Prestige Professional Management
Your Consumer Resource Specialist
Get Organized & Clean Up Your Finances!

Money is one of the most difficult things to organize. Most of us probably spend money almost every single day, making it difficult to keep up with tracking methods and organization tactics. If you follow these tips, you won’t just stay organized but you’ll also be able to manage your money better! Many of us avoid finances because we don't know where to start. This year things can be different! 

Living frugally means being in control of your finances. And, managing your personal finances can sometimes feel like a full-time job. As your life continues to get busier—with saving money while grocery shopping, clipping and using coupons, and finding ways to cut costs with do-it-yourself projects—some of those personal finance "to do's" may fall by the wayside.

Learn how to organize your income and expenses in a way that contributes to your financial success. This guide will help you to set financial goals, track your spending, create a budget, and determine your net worth.

Now is a great time to get organized and clean up your finances — from consolidating bank accounts to looking for spending leaks. True fact, if you aren’t organized, you miss out on opportunities to improve your financial situation.

Once you organize your finances, you will be ready to take action on your budget and other financial goals.

Don’t think you have the time? Pick one area and focus on that first. A few hours at a time devoted to getting paperwork organized will give you peace of mind and prevent frantic searches later for a specific document.

Purge Your Piles

Most monthly statements can be pitched after one year, but if you plan on buying a house, keep two years' worth of utility bills, pay stubs and bank and credit card statements (or access them through online platforms).
As you are organizing your finances, shred paper you don’t need and file by category what you want to keep or scan them and store them on a secure hard drive.

Save the Essentials

One-of-a-kind documents and those needed as proof of ownership or amounts paid should stay with you for the long haul. These items include:

Tax returns and year-end investment statements. Klutznick notes that when you retire or liquidate a specific investment, you will need to calculate what you owe in taxes.

Active deeds and policies, such as your auto insurance policy and deed of sale for your car.

Receipts for and photos of big-ticket items to support your insurance claim in the event of theft or damage.

Keep these and other important documents (i.e. marriage license, will and passport) in a locked, fireproof and waterproof box.

Go Paperless

Is all the paperwork stressing you out? Get organized by going digital and losing the physical clutter.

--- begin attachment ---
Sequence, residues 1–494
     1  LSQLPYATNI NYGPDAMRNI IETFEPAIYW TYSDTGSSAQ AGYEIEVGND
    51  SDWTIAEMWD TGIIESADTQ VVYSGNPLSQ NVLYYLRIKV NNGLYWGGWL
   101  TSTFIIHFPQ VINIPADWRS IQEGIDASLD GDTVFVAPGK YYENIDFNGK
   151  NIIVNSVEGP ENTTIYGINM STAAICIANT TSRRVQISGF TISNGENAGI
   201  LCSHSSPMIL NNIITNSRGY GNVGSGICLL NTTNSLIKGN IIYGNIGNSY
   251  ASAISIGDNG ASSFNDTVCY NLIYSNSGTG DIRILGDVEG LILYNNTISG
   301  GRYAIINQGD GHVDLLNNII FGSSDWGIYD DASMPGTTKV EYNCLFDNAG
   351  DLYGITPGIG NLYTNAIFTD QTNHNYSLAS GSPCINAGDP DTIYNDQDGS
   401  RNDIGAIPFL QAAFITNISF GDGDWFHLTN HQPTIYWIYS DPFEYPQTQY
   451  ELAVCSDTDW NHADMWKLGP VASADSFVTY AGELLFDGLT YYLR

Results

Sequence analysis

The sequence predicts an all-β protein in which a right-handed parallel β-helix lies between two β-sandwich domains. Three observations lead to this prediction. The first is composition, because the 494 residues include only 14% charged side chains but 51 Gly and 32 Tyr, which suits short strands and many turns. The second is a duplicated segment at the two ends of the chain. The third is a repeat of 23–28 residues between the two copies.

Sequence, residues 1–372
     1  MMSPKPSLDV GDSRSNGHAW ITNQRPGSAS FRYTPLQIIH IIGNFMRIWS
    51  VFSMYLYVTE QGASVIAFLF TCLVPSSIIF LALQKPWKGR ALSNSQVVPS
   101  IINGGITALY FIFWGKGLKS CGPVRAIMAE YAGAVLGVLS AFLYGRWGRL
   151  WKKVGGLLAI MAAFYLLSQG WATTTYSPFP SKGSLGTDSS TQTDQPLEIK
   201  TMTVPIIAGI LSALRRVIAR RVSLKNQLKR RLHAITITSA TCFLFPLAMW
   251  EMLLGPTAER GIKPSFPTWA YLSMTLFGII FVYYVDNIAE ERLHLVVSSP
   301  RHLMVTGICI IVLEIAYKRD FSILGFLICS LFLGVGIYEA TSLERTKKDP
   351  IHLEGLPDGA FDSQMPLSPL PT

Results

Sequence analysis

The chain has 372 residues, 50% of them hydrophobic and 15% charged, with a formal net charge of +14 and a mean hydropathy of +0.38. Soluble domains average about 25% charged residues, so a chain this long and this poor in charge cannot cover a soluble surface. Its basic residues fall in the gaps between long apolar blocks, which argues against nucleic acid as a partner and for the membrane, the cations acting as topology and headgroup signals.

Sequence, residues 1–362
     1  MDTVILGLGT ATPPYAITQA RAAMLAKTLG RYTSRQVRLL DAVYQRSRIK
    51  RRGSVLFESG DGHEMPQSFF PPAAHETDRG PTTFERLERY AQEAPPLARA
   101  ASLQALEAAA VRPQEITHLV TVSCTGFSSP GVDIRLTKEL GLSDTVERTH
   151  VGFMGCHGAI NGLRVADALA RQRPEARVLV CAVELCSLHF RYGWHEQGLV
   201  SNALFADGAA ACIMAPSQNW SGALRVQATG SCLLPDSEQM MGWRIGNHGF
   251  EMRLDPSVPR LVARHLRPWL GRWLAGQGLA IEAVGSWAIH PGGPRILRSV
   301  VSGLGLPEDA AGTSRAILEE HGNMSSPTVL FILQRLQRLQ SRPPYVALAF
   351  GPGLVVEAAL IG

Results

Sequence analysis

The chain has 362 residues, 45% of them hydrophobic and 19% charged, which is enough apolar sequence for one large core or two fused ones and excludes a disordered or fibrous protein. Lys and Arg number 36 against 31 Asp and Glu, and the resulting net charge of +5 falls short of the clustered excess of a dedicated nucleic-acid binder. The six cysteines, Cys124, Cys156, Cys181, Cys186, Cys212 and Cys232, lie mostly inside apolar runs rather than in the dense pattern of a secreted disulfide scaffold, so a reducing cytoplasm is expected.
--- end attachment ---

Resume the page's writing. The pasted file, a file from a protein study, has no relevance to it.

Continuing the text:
If you have regular access to a computer, setting up online pay for your bills can go a long way towards streamlining the organization of your finances. In many cases, you can choose to have monthly deductions taken automatically from your bank account or you can choose to manually initiate each payment.

Use only a password-protected secure network (not free Wi-Fi hot spots) when logging in to pay bills.
If a service provider posts statements only for the last year, download or print those you want to save longer. Make sure to back up your computer files regularly.

Alternatively, scan important documents and save those files to a secure cloud-based service or on a separate hard drive.

Update and Consolidate

When you organize and clean up your finances, updating and consolidating accounts can save you money and legal headaches down the line.

Consolidate financial accounts. For example, close the checking account you don't use and move funds from your old 401k to your current retirement account.

Consolidate credit cards. Choose the lowest interest rates and best loyalty benefits. But before you shift money among cards, check to see if there are balance-transfer fees.

Update beneficiaries on insurance policies and retirement accounts.

Create or update your will.

Gather new quotes for car, home and life insurance and adjust coverage levels if needed.

Check your mortgage rates and see if it makes sense to refinance.

Check your credit at www.annualcreditreport.comYou can check your own credit as often as you like without impacting your credit score. However, you are only allowed one free copy of your report from each credit bureau per year. You can either spread these out, checking one bureau every four months, or you can check all three at one time and wait twelve months to check again.

Check fees on phone, cable and other bills to see if you are paying for services you don’t use.

Communicate About Finances

Among couples, when one person pays the bills, the other may be out of touch with household finances. Now is a great time to get organized and on the same page. Talk about expenses, spending and financial goals. 'If you have kids, involve them in basic conversations about money to provide them context for the money-related decisions you and they make' Klutznick says. Explain the basic concepts of saving, budgeting, income and expenses.

Reset Your Budget

Now that you’ve organized your finances, take stock of life changes since last year—such as a move, new baby or job change. Then readjust spending and saving levels. Rebalance investments. Also, make or update plans for paying down debt and avoid taking on new debt.

Set Financial Goals